A Black man was killed when a white man struck him with a pickup truck during a racially charged road rage encounter last week.
The deadly affray occurred Jan. 19 in Belmont, Massachusetts, a sleepy suburb just outside Boston. Witnesses saw Dean Kapsalis hurl racial slurs at Henry Tapia, a 35-year-old Boston father of three, moments before he ran Tapia over with his Dodge Dakota, dragging him a short distance and leaving him for dead. Paramedics treated and rushed Tapia to a nearby hospital where he died.
Kapsalis, 54, initially fled the scene. He turned himself in at the Belmont Police Department about 30 minutes later. Authorities charged the white Hudson, Massachusetts, man with a civil rights violation causing injury, assault and battery with a dangerous weapon causing serious bodily injury, and leaving the scene of a crash.
“We cannot and will not tolerate behavior that is rooted in racial bias and meant to discriminate,” Middlesex County District Attorney Marian Ryan told reporters during a Jan. 20 press conference. “Because it is not only the victims and their families who suffer, it is all of us.”
The hate crime Kapsalis faces carries a maximum 10-year prison sentence. Ryan said the investigation is still ongoing. Massachusetts State Police are reconstructing the crash and analyzing evidence. The DA suggested more serious charges could be forthcoming.
“It is possible that there will be other charges and it is also possible that there will be an enhancement of some of those other charges with respect to civil rights violations,” Ryan said.
The tragedy disrupted the quiet of Belmont, devastating and sparking outrage among the small town’s citizens. Hundreds turned out Thursday to commemorate Tapia’s life during a community vigil less than a mile from the fatal crash, according to WBUR Boston.
A family friend told the NPR affiliate Tapia was just a block from home when the tragic ordeal unfolded. The man’s younger brother David Tapia said he wasn’t surprised the level of violence may have been motivated by racism.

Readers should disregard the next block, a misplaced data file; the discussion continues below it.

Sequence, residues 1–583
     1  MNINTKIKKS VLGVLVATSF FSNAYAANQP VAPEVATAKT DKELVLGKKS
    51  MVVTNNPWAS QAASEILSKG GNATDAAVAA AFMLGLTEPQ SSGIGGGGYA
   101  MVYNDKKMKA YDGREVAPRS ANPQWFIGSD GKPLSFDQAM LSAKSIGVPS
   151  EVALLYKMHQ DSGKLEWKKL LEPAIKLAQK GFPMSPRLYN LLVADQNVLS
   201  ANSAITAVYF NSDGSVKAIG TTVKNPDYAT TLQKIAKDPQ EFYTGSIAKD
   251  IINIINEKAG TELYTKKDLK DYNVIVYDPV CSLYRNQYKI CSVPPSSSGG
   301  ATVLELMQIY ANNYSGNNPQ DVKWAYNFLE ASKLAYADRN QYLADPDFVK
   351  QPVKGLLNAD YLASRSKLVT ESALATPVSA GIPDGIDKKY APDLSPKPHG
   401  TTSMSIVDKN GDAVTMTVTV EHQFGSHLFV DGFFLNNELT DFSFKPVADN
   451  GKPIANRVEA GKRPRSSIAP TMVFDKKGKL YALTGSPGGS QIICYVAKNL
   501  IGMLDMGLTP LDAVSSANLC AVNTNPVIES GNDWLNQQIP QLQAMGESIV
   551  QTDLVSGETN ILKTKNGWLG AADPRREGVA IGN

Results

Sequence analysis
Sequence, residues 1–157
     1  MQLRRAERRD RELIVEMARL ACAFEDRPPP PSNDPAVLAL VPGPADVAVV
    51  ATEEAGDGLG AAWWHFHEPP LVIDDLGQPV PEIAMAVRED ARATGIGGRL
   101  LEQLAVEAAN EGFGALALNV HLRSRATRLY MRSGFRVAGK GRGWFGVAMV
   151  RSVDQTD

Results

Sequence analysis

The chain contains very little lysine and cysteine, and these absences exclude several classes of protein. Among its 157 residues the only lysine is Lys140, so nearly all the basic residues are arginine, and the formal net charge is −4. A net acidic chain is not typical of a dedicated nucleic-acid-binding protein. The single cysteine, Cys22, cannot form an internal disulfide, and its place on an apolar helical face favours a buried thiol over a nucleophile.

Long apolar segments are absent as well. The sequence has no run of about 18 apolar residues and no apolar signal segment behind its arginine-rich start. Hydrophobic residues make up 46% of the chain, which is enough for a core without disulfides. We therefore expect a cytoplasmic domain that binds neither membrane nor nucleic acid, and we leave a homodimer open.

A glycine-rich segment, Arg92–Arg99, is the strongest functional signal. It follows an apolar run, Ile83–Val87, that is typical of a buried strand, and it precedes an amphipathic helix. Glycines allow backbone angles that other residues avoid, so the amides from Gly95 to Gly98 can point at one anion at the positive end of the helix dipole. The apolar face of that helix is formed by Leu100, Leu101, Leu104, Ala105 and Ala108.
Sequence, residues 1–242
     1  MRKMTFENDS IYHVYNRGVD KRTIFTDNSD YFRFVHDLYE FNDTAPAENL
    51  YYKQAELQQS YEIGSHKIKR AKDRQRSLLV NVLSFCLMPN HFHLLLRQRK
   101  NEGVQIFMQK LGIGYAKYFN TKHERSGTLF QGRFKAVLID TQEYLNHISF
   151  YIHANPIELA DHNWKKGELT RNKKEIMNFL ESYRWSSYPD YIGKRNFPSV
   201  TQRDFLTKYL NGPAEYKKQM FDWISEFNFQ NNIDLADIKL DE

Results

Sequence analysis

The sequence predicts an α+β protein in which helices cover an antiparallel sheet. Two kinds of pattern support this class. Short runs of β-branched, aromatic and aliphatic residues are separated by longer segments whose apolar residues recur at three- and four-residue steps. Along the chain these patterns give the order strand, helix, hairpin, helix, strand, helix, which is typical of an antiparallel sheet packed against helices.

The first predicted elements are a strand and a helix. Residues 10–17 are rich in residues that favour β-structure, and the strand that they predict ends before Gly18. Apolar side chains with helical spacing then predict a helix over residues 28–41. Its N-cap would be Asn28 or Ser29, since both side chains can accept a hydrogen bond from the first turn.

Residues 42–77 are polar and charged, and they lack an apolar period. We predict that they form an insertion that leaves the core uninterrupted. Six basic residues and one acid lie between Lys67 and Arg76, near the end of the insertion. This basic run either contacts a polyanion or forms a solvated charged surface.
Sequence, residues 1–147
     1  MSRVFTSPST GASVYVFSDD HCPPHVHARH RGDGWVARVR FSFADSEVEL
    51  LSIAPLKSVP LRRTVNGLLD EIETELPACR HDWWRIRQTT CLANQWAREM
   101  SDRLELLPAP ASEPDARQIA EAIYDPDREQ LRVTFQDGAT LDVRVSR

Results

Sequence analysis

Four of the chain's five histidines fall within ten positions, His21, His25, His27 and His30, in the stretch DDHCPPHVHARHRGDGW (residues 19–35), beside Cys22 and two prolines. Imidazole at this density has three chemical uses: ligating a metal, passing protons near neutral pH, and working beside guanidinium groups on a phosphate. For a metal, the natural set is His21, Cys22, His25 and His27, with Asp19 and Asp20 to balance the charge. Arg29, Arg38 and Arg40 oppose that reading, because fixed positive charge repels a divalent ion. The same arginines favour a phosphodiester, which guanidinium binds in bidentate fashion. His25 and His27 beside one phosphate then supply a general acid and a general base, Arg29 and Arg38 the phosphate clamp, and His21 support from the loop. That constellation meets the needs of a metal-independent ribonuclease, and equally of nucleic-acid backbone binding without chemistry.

“I feel like if it was police brutality, it would be nationwide — like, ‘Oh, another African American male got shot,'” he said. “But this time, another racist civilian attacked another Black Latino — an Afro-Latino — and I feel the word isn’t getting spread enough. It’s another racist act.”
Henry Tapia’s children and life partner Courtney Morton also attended the vigil Thursday.
“”I will die being the love of his life,” Morton told WBUR. “And I will fight for him, because he couldn’t continue to fight from all the damage done. He’s my rock and I’m going to show him that I’m going to be the soldier he wanted me to be.”
The couple were working toward buying their first home together when Henry Tapia died, according to boston.com. A GoFundMe page set up on Morton’s behalf had raised more than $128,000 in just three days by Sunday.
According to the District Attorney’s office, Henry Tapia and Kapsalis locked horns shortly before 4:22 p.m. Ryan said they had no previous history and their dispute simply appeared to be a “tragic encounter in traffic.”
Both men got out of their vehicles and began arguing on Upland Road. Witnesses told investigators Kapsalis unloaded racial slurs as the verbal altercation appeared to be ending and Tapia was walking back to his car. News reports indicate Kapsalis called him the N-word.
Kapsalis got back into his pickup truck and intentionally barreled toward Tapia, who was standing at the driver’s side door of his Honda Civic, according an official statement. Kapsalis dragged Tapia a short distance before fleeing the scene.
Tapia was still conscious when police arrived to the scene minutes later, but it was evident that his injuries were life threatening. Paramedics spent about 17 minutes trying to stabilize him at the crash site before transporting him to Massachusetts General Hospital. Tapia died there a short time later, according to Ryan.
The district attorney noted an increase of such racially motivated incidents across the country over the past year and said Kapsalis’ slurs were “meant to intimidate and threaten” Tapia.
“We are reminded that incidents like this, that are allegedly born of hateful speech, have a lasting impact on families, friends and our neighbors here in this community,” she said.
Kapsalis was arraigned in Cambridge District Court on Jan. 20 and pleaded not guilty. Judge Robert Harnais ordered him to held pending a dangerousness hearing, which will determine whether he’s a danger to society. That hearing is scheduled for 11 a.m. Monday.
“Particularly at this moment, at this time, to have an incident of this nature happen in what is such a warm, welcoming community is jarring,” Massachusetts State Rep. David Rogers said. “It’s shocking. We condemn it with the strongest possible terms. And our heart goes out to the Tapia family.”